Review: ‘Joanna Margaret Paul’ at City Gallery

Review: ‘Joanna Margaret Paul’ at City Gallery

Currently a major retrospective of Joanna Margaret Paul’s (1945 – 2003) art is touring New Zealand. It opened at City Gallery Wellington in October 2022 and closes on 6 February. Friends of Te Papa were given a guided tour of the exhibition by City Gallery Public Programme Specialist Graham Frost.

Joanna Paul was born to an artist mother and a bookseller father – Janet and Blackwood Paul. She grew up in a literary and artistic milieu. Sadly, she died in an accident at a Rotorua hot pool in 2003 aged 57. She had married (for the second time) only a few months earlier.

The exhibition is largely organised chronologically and shows how her art was influenced by where she was living at the time. The first room is Dunedin Ōtepoti and nearby Seacliff where she and her first husband, fellow artist Jeffrey Harris (1949 – ) lived in a cottage. The next rooms include works mostly completed while they were living in Barry’s Bay on Banks Peninsula. The last room includes a couple of works done in Wellington (collages) with most completed after she separated from Harris and was living in Whanganui for most of the last two decades of her life.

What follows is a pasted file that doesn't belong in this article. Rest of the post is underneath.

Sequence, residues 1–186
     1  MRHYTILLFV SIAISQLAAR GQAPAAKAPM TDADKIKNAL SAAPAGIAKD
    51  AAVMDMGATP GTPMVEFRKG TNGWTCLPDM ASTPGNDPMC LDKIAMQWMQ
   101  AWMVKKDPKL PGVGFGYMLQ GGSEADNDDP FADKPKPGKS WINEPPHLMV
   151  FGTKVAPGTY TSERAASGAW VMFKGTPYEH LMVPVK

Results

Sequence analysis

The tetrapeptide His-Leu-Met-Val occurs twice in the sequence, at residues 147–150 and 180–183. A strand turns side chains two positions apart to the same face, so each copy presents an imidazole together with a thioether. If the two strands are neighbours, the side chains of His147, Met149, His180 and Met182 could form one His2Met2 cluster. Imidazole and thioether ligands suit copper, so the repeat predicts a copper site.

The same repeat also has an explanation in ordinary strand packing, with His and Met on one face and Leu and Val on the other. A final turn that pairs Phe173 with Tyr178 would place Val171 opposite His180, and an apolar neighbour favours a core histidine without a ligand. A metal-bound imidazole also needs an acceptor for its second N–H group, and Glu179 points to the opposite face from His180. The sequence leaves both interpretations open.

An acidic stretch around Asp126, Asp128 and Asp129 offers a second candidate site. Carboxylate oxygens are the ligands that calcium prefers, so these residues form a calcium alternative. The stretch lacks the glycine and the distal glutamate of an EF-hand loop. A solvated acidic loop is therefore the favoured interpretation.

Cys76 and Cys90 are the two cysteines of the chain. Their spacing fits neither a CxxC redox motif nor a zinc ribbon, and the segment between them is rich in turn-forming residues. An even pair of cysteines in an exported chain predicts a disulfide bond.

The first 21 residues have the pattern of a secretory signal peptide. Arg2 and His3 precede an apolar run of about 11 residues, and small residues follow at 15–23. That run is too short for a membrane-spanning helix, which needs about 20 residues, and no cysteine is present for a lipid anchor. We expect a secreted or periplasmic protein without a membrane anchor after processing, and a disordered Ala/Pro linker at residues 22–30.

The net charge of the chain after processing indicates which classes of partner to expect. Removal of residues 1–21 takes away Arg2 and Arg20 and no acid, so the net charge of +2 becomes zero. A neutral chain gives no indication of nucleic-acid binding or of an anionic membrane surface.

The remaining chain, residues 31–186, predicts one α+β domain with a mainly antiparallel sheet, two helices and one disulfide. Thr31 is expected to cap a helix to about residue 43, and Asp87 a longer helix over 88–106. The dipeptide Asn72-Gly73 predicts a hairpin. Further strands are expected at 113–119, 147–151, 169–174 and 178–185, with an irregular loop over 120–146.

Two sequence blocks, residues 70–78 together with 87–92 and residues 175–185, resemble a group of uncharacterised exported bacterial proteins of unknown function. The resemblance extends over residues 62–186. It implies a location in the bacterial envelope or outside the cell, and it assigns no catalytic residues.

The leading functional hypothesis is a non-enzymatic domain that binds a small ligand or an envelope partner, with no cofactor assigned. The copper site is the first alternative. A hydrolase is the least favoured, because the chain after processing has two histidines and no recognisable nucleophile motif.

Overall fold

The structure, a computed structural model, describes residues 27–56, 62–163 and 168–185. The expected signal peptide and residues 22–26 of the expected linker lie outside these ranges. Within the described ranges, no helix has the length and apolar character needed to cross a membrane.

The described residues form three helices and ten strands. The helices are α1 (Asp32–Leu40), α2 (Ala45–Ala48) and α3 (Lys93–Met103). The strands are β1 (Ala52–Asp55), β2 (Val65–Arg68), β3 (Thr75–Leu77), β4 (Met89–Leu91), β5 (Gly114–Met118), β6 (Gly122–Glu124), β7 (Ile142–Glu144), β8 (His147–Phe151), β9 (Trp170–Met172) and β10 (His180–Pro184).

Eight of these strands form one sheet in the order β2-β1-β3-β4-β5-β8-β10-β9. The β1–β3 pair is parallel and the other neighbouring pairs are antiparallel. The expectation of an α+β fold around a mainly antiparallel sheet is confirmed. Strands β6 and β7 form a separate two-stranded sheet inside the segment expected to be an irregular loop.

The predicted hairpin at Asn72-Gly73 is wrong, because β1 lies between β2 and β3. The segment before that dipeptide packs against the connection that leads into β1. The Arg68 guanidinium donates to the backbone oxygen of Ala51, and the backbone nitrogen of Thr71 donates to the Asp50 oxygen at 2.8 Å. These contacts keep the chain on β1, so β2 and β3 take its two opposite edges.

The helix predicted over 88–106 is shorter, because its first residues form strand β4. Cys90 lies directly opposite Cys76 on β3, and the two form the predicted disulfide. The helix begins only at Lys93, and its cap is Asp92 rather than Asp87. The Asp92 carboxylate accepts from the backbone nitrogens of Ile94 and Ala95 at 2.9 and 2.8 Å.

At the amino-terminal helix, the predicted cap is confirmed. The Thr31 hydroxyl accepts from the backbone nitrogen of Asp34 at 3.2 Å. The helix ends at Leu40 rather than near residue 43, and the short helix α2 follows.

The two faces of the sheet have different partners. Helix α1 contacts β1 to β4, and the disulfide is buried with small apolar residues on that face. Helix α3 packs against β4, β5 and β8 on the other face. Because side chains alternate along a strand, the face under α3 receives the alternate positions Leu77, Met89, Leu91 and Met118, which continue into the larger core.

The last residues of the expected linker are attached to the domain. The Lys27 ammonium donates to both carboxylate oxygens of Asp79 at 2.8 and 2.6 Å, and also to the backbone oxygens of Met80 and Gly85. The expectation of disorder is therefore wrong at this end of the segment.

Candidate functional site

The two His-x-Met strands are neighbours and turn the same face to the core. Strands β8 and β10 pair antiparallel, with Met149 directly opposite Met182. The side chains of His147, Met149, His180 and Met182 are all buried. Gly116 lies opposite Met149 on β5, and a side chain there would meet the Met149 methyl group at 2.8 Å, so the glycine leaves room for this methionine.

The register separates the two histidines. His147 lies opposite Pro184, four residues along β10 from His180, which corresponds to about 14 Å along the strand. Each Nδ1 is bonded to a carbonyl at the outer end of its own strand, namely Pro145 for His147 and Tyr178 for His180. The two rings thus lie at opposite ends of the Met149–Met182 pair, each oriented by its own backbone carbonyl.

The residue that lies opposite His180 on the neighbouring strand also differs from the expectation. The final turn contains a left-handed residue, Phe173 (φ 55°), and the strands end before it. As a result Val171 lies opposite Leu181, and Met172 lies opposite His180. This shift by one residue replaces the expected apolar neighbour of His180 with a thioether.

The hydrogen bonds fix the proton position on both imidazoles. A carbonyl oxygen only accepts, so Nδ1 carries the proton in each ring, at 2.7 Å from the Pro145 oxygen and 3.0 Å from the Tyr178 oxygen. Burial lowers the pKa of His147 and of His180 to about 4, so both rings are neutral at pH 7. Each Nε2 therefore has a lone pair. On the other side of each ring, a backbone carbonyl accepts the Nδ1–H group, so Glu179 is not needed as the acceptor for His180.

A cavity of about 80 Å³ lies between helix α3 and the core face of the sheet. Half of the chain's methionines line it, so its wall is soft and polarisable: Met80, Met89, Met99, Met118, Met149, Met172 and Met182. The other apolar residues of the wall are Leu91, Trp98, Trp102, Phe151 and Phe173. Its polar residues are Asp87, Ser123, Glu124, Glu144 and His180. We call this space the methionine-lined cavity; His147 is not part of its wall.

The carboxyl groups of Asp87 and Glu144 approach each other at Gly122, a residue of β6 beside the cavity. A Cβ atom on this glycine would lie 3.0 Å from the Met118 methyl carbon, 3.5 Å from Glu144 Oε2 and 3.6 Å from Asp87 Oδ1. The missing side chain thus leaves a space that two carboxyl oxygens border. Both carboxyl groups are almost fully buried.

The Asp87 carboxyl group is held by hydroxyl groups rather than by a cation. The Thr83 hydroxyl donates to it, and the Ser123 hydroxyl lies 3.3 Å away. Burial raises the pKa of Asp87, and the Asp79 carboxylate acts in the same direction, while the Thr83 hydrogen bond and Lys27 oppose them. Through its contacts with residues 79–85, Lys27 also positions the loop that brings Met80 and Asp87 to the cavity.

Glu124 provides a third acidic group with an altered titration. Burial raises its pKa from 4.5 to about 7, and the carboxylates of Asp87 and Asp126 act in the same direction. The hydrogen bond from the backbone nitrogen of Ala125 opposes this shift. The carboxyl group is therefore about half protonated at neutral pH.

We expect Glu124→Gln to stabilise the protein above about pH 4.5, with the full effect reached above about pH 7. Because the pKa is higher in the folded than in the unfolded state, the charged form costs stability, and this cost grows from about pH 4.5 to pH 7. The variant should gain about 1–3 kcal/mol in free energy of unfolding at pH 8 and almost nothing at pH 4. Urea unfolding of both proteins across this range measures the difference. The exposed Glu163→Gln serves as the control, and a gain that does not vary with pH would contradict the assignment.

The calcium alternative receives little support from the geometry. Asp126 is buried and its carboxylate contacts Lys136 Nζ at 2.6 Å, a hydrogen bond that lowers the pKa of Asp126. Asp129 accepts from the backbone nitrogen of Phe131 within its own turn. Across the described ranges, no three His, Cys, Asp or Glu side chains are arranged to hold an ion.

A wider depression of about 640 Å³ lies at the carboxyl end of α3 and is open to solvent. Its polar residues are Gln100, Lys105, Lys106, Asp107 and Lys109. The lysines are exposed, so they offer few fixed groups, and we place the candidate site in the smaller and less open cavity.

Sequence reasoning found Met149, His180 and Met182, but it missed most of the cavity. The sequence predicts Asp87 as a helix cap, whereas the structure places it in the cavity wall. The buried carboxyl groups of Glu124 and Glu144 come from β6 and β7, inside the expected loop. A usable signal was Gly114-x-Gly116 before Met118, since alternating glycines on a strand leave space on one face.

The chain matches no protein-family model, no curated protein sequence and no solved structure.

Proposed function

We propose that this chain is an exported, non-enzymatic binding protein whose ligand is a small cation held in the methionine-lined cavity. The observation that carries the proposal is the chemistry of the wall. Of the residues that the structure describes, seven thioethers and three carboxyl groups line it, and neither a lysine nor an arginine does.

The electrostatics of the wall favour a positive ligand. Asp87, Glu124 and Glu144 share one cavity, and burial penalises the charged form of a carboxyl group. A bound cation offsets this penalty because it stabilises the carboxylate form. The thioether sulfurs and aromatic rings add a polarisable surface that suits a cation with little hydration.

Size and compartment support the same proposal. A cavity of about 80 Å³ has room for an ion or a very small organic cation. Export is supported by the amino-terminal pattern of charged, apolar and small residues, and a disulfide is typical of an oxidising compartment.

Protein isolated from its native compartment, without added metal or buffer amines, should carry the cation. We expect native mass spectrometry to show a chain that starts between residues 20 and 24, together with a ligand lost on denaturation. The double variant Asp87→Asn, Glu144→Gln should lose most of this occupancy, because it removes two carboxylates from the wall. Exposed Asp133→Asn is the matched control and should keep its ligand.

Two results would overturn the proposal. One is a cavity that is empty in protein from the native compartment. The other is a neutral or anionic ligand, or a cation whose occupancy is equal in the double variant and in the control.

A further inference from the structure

Her art and life are closely intertwined. As Graham told us, it is a biographical exhibition. Her landscapes are often of a house or garden where she lived, or views nearby. Her interiors show objects on the kitchen table – one I particularly like includes some Latin translation she was helping her son Pascal with at the time among the breakfast dishes – or clothes in a wardrobe, or rooms in her various houses.

She and Harris had four children; tragically the second child Imogen died at nine months. Joanna Paul stopped painting for a time – her first artwork after this tragedy is an artist book called Unwrapping the Body (shown in a vitrine in the exhibition) based on words and images about the human body. Paul was also a poet, and worked in various media – painting, photography and film.

I recommend seeing the exhibition if you have a chance.

Vivienne Morrell